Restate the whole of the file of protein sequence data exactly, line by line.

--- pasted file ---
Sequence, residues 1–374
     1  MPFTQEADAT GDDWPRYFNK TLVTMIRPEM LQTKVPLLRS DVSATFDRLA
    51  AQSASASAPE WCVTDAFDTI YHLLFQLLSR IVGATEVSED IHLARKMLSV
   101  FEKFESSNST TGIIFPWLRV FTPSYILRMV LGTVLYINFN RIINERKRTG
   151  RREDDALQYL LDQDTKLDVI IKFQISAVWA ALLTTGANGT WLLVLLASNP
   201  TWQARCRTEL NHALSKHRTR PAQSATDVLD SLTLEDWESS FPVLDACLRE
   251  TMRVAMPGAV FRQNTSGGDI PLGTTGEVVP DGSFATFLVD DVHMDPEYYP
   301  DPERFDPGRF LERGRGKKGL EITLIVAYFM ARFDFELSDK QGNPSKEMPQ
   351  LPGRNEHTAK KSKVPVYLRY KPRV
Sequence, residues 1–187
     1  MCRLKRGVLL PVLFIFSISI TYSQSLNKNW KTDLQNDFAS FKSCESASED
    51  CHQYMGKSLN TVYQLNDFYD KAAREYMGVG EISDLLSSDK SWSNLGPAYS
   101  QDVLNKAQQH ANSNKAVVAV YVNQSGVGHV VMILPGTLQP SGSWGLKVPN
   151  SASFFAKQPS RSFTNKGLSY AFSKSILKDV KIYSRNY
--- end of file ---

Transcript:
Sequence, residues 1–374
     1  MPFTQEADAT GDDWPRYFNK TLVTMIRPEM LQTKVPLLRS DVSATFDRLA
    51  AQSASASAPE WCVTDAFDTI YHLLFQLLSR IVGATEVSED IHLARKMLSV
   101  FEKFESSNST TGIIFPWLRV FTPSYILRMV LGTVLYINFN RIINERKRTG
   151  RREDDALQYL LDQDTKLDVI IKFQISAVWA ALLTTGANGT WLLVLLASNP
   201  TWQARCRTEL NHALSKHRTR PAQSATDVLD SLTLEDWESS FPVLDACLRE
   251  TMRVAMPGAV FRQNTSGGDI PLGTTGEVVP DGSFATFLVD DVHMDPEYYP
   301  DPERFDPGRF LERGRGKKGL EITLIVAYFM ARFDFELSDK QGNPSKEMPQ
   351  LPGRNEHTAK KSKVPVYLRY KPRV
Sequence, residues 1–187
     1  MCRLKRGVLL PVLFIFSISI TYSQSLNKNW KTDLQNDFAS FKSCESASED
    51  CHQYMGKSLN TVYQLNDFYD KAAREYMGVG EISDLLSSDK SWSNLGPAYS
   101  QDVLNKAQQH ANSNKAVVAV YVNQSGVGHV VMILPGTLQP SGSWGLKVPN
   151  SASFFAKQPS RSFTNKGLSY AFSKSILKDV KIYSRNY